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06/01/2016

Housing and Planning Bill: MPs unhappy with "privatisation of planning"

Words: Laura Edgar

During the third reading of the Housing and Planning Bill, a number of MPs expressed their concerns about an amendment that is “effectively about the privatisation of the planning service”.

Communities secretary Greg Clark tabled the amendment just before Christmas, which would allow planning applications to be processed by “alternative providers”.

The amendment states the secretary of state “may by regulations make provision for a planning application that falls to be determined by a specified local planning authority in England to be processed, if the applicant so chooses, not by that authority but by a designated person”.

The clause adds that this does not affect a local planning authority’s responsibility for determining planning applications and only applies until a specified date.

During the third reading of the Housing and Planning Bill on 5 January, Clive Betts, Labour MP for Sheffield South East and chair of the Communities and Local Government Select Committee, said the move is “effectively about the privatisation of the planning service”.

Betts proceeded to question what this might mean.

“Does it mean that an individual or organisation that submits a planning application will be free to shop around for whichever alternative provider they think can give them the best chance of getting a planning application accepted? Will they be able to look at the track record of providers around the country?”

Chris Philp, Conservative MP for Croydon South, pointed out in response that the third party providers would be handling the process not the determination, but Betts said “just because a committee may make the final decision and say yes or no, the idea that the process has no role to play in shaping that eventual final decision is fundamentally wrong”.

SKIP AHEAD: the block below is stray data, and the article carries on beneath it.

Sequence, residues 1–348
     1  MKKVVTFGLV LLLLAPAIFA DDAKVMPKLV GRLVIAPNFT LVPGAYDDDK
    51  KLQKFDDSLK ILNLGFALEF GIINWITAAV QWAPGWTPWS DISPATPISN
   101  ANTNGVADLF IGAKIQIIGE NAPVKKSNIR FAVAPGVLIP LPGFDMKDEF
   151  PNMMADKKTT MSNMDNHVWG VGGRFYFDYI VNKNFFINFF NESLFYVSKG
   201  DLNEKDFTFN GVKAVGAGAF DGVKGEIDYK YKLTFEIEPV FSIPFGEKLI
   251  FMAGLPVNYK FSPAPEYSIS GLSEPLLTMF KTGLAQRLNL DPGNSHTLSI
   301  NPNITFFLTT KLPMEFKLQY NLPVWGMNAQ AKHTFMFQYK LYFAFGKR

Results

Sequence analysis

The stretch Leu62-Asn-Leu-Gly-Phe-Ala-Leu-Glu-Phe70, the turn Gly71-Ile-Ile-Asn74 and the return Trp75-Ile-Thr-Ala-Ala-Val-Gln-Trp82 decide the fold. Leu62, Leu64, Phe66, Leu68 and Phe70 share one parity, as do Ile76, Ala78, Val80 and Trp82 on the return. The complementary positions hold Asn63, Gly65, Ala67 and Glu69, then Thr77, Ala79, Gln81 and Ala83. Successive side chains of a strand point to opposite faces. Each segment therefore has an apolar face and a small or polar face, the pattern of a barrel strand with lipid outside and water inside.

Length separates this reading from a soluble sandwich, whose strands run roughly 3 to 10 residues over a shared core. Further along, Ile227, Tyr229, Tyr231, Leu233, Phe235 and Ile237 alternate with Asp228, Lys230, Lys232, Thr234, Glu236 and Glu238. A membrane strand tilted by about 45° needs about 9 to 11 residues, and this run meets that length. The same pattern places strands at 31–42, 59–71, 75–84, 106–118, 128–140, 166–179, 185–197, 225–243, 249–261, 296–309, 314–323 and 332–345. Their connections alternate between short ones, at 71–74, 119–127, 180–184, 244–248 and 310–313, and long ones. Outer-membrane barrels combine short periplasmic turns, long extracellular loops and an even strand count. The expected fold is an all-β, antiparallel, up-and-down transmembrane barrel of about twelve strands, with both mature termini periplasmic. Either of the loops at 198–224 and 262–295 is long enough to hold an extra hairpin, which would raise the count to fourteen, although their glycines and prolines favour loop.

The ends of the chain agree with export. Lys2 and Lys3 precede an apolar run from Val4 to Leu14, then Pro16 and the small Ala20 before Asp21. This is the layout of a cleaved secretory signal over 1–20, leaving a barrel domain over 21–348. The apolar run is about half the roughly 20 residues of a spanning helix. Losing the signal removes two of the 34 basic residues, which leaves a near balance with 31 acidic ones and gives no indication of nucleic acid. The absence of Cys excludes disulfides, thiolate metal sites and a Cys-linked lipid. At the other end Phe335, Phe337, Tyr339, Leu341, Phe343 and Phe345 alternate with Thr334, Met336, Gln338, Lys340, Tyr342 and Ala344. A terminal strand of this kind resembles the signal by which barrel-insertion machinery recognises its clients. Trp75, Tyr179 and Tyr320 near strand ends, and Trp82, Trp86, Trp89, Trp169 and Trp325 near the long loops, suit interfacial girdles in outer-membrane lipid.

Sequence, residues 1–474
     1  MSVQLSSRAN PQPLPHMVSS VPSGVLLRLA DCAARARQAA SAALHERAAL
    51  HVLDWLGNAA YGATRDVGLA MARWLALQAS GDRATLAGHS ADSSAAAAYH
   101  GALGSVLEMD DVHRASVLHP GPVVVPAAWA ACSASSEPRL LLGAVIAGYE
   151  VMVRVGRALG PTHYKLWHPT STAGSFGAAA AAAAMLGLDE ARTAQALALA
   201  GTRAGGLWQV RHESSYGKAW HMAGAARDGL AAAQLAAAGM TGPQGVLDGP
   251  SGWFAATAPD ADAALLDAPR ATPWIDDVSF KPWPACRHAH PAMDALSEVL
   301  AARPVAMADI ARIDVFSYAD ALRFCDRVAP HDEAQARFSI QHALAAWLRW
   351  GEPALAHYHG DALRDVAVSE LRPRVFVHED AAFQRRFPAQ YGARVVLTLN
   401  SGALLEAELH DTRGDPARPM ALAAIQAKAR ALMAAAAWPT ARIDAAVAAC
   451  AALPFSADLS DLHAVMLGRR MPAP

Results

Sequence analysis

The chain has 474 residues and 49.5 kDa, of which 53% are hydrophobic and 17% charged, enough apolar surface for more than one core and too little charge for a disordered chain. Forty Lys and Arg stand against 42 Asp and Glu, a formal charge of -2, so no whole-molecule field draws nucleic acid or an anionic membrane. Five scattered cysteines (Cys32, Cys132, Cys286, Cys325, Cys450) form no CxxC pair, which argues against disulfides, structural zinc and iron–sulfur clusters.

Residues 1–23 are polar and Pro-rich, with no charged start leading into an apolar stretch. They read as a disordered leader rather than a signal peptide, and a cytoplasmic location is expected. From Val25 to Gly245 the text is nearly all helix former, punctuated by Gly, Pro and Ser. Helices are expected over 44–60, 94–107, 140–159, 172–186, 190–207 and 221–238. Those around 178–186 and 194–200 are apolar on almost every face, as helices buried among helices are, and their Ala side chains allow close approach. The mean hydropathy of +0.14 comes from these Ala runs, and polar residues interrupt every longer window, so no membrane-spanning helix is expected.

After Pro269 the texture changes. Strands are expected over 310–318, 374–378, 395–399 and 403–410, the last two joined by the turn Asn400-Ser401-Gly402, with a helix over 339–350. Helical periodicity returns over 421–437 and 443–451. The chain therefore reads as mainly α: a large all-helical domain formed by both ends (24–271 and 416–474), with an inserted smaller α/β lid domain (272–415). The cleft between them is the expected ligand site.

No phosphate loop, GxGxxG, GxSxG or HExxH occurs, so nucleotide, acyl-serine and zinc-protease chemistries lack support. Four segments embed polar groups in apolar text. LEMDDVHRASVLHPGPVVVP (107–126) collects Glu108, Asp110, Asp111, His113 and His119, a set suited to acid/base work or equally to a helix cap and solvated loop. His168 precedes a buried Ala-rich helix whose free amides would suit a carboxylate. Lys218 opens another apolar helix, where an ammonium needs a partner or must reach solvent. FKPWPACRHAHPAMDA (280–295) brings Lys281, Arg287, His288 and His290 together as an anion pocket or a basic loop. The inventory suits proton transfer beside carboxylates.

Ruth Cadbury, Labour MP for Brentford and Isleworth suggested the amendment meant there would be less opportunity for communities to be consulted and for proper research into the local history and conditions, “the new providers are interested in speed productivity as opposed to quality decisions”.

Green MP for Brighton Pavilion Caroline Lucas suggested planning authorities should be funded properly to allow them to “operate properly” rather than “undermined further”.

The “privatisation of the planning system", she said, destroys the “last shreds of the democratic process that safeguards how our communities are made, putting power instead in the hands of developers”.

Shadow planning minister Roberta Blackman-Woods, Labour MP for the City of Durham, added that the government must see that the “potential for this mechanism to generate a degree of corruption and totally inappropriate conflicts of interest is probably endless”.

Stephen Hammond, Conservative MP for Wimbledon, accepted that there may or may not be problems with the pilot, but said housing minister Brandon Lewis has “clearly set out” that the amendment aims to have “not privatisation but competition between local authorities”.

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